Greek Minister Tells Albania: Return Body of Greek Man Killed by Cops

November 5, 2018

ATHENS – Greece’s Alternate Foreign Minister George Katrougalos said Albanian authorities should swiftly return the body of Konstantinos Katsifas, the 35-year-old ethnic Greek man who was fatally shot by police.

Katsifas’ family had already asked for the body to be returned for burial and said they would seek legal action to try to force it oitherwise.

“We made clear our priorities from the start: shed a light on the case, all the way; to protect the rights of our Greek brothers (living in Albania); finally, and making no compromise on the first two points, protect our bilateral relations,” Katrougalos said in interview with the daily newspaper Ta Nea.

Katrougalos said it was a good sign, however that Albanian officials agreed to let a Greek police officer to be present at the inquest.

“We should be very careful on both sides of the border; this is self-evident at government level … extremism on one side feeds extremism and intolerance on the other,” the Radical Left SYRIZA minister said.

A Greek prosecutor said a probe would be opened into the circumstances of his death in southern Albania while his family said for now they just wanted the body back so he could be buried in Greece, where he had been living as well.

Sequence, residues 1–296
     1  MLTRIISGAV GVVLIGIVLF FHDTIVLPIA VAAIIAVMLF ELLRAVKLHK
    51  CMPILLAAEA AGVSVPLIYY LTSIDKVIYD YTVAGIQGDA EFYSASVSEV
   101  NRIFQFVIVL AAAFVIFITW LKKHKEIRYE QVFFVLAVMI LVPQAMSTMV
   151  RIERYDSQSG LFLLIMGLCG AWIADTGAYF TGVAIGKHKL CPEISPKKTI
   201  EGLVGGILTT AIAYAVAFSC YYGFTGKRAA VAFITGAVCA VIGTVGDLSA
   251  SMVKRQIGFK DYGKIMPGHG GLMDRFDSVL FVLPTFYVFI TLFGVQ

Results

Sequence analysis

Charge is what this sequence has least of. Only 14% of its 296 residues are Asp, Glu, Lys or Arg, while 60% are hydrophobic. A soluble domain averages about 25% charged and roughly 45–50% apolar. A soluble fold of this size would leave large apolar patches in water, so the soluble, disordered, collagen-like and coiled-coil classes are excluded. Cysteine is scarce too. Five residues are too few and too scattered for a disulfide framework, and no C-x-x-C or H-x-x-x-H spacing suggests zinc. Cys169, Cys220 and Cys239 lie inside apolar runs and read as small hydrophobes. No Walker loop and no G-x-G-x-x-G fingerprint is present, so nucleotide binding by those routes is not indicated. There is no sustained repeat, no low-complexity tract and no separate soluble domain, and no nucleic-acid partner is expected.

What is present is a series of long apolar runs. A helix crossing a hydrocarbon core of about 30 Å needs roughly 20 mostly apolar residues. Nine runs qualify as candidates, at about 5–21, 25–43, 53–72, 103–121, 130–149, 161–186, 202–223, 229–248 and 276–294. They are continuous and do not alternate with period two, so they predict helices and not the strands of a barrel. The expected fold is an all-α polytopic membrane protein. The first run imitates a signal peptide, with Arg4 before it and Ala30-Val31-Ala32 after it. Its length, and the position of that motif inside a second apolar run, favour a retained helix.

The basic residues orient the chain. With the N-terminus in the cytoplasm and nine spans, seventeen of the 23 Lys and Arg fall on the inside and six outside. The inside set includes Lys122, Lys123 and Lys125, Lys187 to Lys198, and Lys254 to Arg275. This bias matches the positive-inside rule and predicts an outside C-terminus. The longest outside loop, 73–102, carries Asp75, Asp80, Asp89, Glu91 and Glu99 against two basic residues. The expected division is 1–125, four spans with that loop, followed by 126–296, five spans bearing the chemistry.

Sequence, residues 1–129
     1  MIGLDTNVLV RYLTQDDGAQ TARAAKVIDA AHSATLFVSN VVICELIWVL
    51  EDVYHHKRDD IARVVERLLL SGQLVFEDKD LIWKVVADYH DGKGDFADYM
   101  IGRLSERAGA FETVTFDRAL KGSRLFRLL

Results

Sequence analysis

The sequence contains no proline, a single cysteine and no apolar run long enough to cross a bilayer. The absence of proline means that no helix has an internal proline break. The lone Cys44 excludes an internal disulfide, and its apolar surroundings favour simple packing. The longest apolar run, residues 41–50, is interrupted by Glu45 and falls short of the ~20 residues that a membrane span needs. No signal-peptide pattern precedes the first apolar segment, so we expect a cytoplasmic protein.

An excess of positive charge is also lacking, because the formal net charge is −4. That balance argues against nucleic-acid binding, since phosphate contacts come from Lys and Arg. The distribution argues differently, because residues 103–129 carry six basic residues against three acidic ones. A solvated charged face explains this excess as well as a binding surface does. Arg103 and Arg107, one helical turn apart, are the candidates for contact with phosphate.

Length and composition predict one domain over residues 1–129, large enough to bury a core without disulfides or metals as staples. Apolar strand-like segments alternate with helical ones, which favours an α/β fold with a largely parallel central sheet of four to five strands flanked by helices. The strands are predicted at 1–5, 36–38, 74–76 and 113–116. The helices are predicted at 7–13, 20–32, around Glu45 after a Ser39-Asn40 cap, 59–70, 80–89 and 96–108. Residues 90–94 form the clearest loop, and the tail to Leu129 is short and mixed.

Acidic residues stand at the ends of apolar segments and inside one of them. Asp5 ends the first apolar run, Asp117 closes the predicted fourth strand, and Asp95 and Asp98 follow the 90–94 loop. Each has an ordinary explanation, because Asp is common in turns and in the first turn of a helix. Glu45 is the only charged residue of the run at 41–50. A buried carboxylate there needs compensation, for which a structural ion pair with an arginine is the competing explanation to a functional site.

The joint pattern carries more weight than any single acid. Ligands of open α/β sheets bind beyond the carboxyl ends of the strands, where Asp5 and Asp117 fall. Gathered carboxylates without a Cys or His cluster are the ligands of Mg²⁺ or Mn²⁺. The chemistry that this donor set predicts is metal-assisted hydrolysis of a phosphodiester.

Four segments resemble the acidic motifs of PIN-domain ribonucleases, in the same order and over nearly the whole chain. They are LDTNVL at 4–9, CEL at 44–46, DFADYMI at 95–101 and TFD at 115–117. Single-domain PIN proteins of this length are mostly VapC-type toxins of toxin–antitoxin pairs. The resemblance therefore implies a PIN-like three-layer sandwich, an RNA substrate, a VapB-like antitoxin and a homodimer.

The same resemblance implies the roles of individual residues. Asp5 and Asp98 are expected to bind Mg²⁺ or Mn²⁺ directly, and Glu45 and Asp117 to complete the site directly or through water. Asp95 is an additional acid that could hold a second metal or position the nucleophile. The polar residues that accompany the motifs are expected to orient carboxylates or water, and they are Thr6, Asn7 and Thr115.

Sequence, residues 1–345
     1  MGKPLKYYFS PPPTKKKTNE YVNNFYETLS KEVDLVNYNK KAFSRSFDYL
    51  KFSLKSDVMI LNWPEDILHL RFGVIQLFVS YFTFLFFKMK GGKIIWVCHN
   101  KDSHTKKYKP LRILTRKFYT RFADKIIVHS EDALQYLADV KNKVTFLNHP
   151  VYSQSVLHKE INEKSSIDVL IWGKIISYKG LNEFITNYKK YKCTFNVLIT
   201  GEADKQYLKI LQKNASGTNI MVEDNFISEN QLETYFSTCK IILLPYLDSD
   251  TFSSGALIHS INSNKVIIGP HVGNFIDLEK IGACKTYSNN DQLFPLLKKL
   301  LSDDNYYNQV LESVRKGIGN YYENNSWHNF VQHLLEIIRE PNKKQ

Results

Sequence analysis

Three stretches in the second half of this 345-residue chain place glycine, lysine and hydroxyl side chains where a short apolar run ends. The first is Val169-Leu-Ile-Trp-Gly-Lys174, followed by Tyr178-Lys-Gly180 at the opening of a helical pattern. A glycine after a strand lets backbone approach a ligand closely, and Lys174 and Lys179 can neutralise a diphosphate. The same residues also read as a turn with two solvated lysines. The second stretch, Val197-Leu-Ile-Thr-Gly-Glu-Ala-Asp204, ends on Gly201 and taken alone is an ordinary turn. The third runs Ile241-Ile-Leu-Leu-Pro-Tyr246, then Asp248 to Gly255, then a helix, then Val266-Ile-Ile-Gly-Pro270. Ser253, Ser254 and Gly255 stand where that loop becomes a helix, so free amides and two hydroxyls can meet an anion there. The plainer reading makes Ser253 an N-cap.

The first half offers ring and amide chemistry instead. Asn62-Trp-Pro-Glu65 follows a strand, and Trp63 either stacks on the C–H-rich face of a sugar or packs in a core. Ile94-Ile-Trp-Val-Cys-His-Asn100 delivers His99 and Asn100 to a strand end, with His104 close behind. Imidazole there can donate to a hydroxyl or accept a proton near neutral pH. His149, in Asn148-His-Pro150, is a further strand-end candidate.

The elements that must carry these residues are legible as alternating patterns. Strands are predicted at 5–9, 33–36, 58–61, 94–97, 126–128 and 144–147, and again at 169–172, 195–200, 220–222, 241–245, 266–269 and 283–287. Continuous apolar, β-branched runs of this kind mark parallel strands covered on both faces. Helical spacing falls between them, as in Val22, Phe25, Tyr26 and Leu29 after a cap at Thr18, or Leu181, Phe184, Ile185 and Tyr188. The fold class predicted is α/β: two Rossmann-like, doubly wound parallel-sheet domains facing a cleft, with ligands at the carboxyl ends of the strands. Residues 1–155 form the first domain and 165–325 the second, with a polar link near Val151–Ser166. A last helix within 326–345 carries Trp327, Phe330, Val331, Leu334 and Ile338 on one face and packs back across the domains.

Albanian police said Katsifas started firing at them while he was trying to celebrate Greece’s entry into World War II against Italy, driving Italian forces back through Albania, where many Greek soldiers died and were buried.

Katsifas also had Albanian citizenship and police said he first started shooting in the air in the village of Bularat, 255 kilometers (160 miles) south of the capital, Tirana on Oct. 28, Oxi Day in Greece, which marks the date Greece refused to surrender to Italy.

Then the man fired at approaching police cars before running away, police said, hiding on a nearby mountain and firing away before he died in an exchange of bullets.


Georgios Karaiskakis (January 23, 1780 - April 23, 1827) was a famous Greek ‘klepht’, ‘armatolos’, military commander, and a hero of the Greek War of Independence.

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